You may think that hearing loss should be simple to spot, but it’s not as easy to recognize as you may believe.
First, many people with hearing loss have trouble only with specific sounds and in specified scenarios. So, if you can hear normally on some occasions, you’ll tend to blame other factors or other people for the times you do have difficulty hearing.
Second, hearing loss takes place slowly over time, so it’s difficult to recognize the slow progression. It’s easier to blame other people for mumbling, or to turn up the TV volume a bit higher, than to confess that you might have hearing loss.
So, the signs can be subtle. You need to understand what to watch for, and while it’s convenient to deny that you have hearing loss, you should be truthful with yourself about the warning signs.
Here are the top 10 to look out for. If you recognize any, it may be time to schedule a hearing test.
- You experience ringing or buzzing in the ears – this may be a symptom of permanent hearing damage. Hearing aids can not only make it easier to hear better, but they may additionally be able to eliminate the ringing in your ears.
- You can’t hear regular household sounds – hearing loss can make it tough to hear the doorbell, the phone ringing, or somebody calling your name from another room.
- You have trouble understanding TV dialogue – speech is typically much more challenging to hear than other sorts of sound. This frequently manifests itself as difficulty following movie or TV show plots.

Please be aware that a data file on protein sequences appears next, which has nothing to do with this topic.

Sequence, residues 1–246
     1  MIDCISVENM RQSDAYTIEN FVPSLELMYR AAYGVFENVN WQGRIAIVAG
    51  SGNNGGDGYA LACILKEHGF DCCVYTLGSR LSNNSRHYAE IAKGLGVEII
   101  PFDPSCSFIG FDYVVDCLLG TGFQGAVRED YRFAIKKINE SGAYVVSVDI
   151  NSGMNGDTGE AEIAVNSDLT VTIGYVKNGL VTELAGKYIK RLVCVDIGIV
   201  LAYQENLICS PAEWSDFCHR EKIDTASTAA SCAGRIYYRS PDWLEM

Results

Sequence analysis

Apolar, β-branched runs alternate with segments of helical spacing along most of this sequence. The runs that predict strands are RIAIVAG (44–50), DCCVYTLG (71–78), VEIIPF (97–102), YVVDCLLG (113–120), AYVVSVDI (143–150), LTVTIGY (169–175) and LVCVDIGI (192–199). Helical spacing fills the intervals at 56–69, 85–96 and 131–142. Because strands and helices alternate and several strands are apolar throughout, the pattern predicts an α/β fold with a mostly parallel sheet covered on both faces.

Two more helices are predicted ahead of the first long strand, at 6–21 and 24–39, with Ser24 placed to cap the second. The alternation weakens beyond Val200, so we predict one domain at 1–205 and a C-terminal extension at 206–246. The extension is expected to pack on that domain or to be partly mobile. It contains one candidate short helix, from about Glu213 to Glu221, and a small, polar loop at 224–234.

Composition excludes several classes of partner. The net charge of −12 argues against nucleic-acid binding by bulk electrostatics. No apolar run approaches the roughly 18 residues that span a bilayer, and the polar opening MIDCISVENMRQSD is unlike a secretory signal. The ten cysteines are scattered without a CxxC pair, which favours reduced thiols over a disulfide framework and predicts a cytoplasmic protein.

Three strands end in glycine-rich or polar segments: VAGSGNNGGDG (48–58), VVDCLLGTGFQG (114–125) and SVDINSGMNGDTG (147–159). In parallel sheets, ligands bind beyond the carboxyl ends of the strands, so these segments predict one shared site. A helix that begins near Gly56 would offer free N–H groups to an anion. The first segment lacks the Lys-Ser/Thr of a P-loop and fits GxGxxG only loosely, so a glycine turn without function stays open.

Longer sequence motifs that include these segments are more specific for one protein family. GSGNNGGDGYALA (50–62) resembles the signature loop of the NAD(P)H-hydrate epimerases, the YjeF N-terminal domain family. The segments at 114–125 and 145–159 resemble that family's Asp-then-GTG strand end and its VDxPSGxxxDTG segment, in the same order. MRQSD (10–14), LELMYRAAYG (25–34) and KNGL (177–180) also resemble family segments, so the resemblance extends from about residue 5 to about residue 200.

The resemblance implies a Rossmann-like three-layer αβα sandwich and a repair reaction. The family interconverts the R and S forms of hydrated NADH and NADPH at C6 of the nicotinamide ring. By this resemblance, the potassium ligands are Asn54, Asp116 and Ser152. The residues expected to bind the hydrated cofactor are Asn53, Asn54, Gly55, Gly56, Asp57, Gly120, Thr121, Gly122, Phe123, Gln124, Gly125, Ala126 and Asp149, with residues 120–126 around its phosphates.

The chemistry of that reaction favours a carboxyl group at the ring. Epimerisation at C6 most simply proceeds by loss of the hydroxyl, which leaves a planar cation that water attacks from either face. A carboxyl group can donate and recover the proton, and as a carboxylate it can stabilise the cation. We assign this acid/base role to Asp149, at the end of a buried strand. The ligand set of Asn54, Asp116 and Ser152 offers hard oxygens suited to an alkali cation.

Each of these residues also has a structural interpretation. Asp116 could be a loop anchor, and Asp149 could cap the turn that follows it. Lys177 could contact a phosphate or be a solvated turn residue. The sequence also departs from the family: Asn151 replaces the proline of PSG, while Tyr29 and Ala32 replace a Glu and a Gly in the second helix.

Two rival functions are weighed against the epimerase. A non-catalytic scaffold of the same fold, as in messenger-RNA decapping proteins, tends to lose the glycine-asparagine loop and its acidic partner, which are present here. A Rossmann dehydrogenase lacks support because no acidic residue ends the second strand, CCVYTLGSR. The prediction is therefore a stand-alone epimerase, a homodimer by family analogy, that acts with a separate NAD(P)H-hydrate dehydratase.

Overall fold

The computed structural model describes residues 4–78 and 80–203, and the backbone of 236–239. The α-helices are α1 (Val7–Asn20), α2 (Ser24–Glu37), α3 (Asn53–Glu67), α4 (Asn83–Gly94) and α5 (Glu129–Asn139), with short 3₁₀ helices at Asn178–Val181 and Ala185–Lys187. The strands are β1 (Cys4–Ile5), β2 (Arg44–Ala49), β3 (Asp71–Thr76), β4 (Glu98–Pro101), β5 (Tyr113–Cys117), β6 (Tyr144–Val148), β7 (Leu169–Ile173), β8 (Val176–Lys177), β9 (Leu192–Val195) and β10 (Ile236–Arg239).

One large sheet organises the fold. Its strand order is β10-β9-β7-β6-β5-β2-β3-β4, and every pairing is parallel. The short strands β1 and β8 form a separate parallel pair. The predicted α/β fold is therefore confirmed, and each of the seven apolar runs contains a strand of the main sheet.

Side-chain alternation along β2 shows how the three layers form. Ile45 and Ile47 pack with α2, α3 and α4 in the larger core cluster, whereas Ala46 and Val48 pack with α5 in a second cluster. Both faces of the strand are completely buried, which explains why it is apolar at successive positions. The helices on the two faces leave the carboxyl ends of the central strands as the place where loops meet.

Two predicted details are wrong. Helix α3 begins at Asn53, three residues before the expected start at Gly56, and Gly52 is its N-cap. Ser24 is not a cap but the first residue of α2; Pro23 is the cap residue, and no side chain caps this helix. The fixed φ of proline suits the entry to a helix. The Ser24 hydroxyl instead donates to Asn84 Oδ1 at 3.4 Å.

- You have your phone, television, or radio at maximum volume – if you can hear the television, phone, or radio better than you can hear personal discussions, check out the volume settings on your technology. You could have these devices set at elevated volumes while also thinking that everyone else talks too quietly.
- You ask people to repeat themselves often – you notice that you say “what?” a lot, or that you need to ask people to repeat themselves when you’re not facing them.
- You often misconstrue what people are saying – consonants are higher-pitched, and thus more difficult to hear, than the lower-pitched vowels. Since consonants communicate the majority of the meaning in a sentence, speech comprehension suffers.
- You have trouble hearing all the words in a conversation – specific sounds and letters are more difficult to hear than others. This means you can hear the majority of the words in a sentence, but that you have to more often than not try to fill in the blanks.
- You have trouble hearing when your back is to the speaker – you may be dependent on lip reading, nonverbal communication, and other hints to meaning significantly more than you realize. When you’re not looking at the speaker, and can’t use these hints, you may have trouble comprehending speech.
- You have difficulty hearing with lots of background noise – as hearing loss gets worse, contesting noise becomes more of a challenge. You might be able to hear speech in tranquil surroundings, but it becomes increasingly difficult to follow discussions in a boisterous setting like a restaurant.
- People complain that you shout or have the TV volume too loud – people may comment that you have the television volume too loud or that you have the tendency to yell. It doesn’t appear to be this way to you because you’re compensating for your hearing loss.
Do you have one or more of the top 10 warning signs of hearing loss? If yes, set up your hearing test today, and take the steps to begin living an improved, more productive, and healthier life.